Need some new secateurs for the job? You'll find our top picks in our best secateurs buying guide.
5. Tidy up your tools
The old saying 'what is a workman without his tools?' is so apt for gardeners. We use our tools endlessly during spring, summer, and autumn, so we need to repay them with a little TLC during the winter months.
You can take them to be sharpened and wipe the metal parts of pruners, shears, and secateurs with an oily rag. If your tools have wooden handles, give them a rub with linseed oil.
Finally, invest in some kind of tool storage, a peg board or coat rack will work, and hang them up on there, ready for spring. If you're looking for new garden storage ideas or indeed, garden tool storage ideas, you can find lots in our features.
6. Grab your loppers and get pruning
Not everything needs to be pruned ready for cooler weather, but a fair few varieties benefit from a good trim, including some deciduous shrubs and trees. Plus, 'once the leaves have fallen off, you'll be better able to see what you're doing and to get a sense for how big you want your tree to be,' says Calum Maddock, a gardening expert at HomeHow. 'Cutting back any branches that are hanging too low or look untidy now will give your trees a neat appearance in spring.'
Yews like pruning in early autumn. But acers, dogwood, willow, and hazel all respond well to pruning in winter as it restricts their height and width of growth and it will encourage new growth in later months. Our buying guide to the best loppers might come in useful if you need an update for the job.
Raspberries can be cut back in autumn, but wait until it's a bit cooler for blackcurrants, gooseberries, and redcurrants. And wisteria needs cutting back in February, so be sure to pop that in your calendar.
7. Protect your summer flowers
'Many seasonal plants won't survive the winter weather, so be sure to read up ahead of the big chill to see what you can save,' says the gardening experts at The Greenhouse People.
Summer-flowering bulbs, such as gladioli and dahlias, can be dug up and put into storage over winter and then replanted the following year. 'These bulbs need to be kept indoors in a dark, cool space like a garage or shed until spring,' adds the team. However, some gardeners simply leave their summer bulbs in the soil and cover them with a good layer of mulch, which will generally suffice in milder climates. You can learn more about how to grow dahlias and what to do with gladioli bulbs after they've finished flowering in our guides.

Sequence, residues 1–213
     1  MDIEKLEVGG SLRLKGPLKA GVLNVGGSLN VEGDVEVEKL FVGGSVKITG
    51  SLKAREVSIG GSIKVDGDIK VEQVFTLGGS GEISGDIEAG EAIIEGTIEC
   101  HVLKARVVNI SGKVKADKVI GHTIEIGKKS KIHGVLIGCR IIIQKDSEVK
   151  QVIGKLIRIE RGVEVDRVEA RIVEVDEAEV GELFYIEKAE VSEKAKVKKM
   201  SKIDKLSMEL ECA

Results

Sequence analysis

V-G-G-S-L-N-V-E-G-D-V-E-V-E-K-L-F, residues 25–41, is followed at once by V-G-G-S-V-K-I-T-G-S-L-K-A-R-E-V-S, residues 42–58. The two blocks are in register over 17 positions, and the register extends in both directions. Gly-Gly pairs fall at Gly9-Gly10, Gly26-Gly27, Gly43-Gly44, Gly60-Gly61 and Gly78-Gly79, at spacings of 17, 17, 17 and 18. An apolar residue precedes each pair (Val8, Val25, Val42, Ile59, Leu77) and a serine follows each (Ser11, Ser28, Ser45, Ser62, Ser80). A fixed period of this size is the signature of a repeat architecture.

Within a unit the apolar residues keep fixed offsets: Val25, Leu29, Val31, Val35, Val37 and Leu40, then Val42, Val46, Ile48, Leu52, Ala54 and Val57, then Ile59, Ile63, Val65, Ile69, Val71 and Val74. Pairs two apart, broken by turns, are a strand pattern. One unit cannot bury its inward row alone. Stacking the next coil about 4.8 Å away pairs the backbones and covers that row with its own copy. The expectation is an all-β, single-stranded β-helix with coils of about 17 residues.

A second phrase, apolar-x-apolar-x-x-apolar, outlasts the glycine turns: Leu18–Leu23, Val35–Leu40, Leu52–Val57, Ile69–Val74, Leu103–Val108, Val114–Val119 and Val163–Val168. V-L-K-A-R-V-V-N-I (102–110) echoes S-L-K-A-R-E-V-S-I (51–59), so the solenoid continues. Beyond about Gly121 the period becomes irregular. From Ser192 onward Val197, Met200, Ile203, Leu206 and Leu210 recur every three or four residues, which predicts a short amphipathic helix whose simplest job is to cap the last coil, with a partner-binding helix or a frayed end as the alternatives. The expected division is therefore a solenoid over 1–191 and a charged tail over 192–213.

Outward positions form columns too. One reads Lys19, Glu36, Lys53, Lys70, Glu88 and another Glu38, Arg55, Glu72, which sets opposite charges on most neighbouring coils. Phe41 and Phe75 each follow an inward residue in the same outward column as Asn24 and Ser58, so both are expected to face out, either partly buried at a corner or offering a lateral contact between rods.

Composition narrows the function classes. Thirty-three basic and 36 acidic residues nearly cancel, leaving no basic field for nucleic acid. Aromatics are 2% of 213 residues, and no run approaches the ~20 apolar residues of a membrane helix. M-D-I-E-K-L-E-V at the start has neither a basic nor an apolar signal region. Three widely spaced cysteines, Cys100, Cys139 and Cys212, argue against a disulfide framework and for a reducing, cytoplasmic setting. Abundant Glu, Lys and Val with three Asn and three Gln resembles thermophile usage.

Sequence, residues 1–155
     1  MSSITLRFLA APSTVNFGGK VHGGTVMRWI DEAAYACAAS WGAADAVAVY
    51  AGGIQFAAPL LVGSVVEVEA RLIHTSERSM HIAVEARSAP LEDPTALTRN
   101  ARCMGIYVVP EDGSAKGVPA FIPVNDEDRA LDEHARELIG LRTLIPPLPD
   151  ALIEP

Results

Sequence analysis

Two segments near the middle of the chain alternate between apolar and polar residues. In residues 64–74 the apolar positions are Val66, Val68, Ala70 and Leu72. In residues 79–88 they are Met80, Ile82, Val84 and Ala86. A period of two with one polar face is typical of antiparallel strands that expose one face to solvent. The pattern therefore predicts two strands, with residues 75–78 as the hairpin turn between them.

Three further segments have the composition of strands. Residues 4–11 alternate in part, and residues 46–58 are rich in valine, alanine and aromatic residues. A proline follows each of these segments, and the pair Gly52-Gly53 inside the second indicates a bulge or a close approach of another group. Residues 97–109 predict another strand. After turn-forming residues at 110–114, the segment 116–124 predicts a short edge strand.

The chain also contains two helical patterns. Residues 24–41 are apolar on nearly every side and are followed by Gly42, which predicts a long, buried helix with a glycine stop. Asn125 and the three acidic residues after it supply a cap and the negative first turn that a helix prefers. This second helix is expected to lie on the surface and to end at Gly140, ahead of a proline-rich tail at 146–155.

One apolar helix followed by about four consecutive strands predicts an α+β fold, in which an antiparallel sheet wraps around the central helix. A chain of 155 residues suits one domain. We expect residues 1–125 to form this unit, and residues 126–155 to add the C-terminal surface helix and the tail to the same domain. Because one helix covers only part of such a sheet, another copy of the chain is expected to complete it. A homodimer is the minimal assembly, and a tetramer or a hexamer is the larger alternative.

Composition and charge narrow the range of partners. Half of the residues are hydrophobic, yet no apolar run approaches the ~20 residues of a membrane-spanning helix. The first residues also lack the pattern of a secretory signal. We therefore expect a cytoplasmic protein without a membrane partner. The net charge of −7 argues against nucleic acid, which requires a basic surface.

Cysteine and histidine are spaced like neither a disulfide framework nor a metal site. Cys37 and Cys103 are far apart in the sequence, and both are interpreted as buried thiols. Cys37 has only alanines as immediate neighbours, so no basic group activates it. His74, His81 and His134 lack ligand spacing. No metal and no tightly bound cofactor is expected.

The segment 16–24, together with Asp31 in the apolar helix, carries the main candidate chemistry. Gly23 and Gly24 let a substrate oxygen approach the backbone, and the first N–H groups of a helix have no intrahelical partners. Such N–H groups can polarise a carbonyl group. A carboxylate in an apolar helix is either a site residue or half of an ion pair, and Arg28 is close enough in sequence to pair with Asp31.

'Some summer plants can even be transferred and potted indoors for a DIY houseplant,' The Greenhouse People continues. 'Geraniums, for one, can flourish inside in pretty pots – just make sure they're placed in naturally well-lit areas of your home.'
Other plants may need protecting with horticultural fleece or by being moved into a greenhouse. Our feature on how to protect plants from frost has more advice.
8. Sort out your plant pots
Clear out old summer containers once the seasonal plants have gone over. Then, if you have storage room, clean your pots with a hose and put them in a safe and sheltered place ready for the warmer weather, as suggests The Greenhouse People.
'You could also use your favorite outside pots for some new houseplants to keep your green fingers flexed through winter,' they add. 'Just remember to cover the base of any outdoor pots with drainage holes with a shallow dish to avoid damaging spills – you can find ones made from recyclable plastic or natural materials like bamboo.'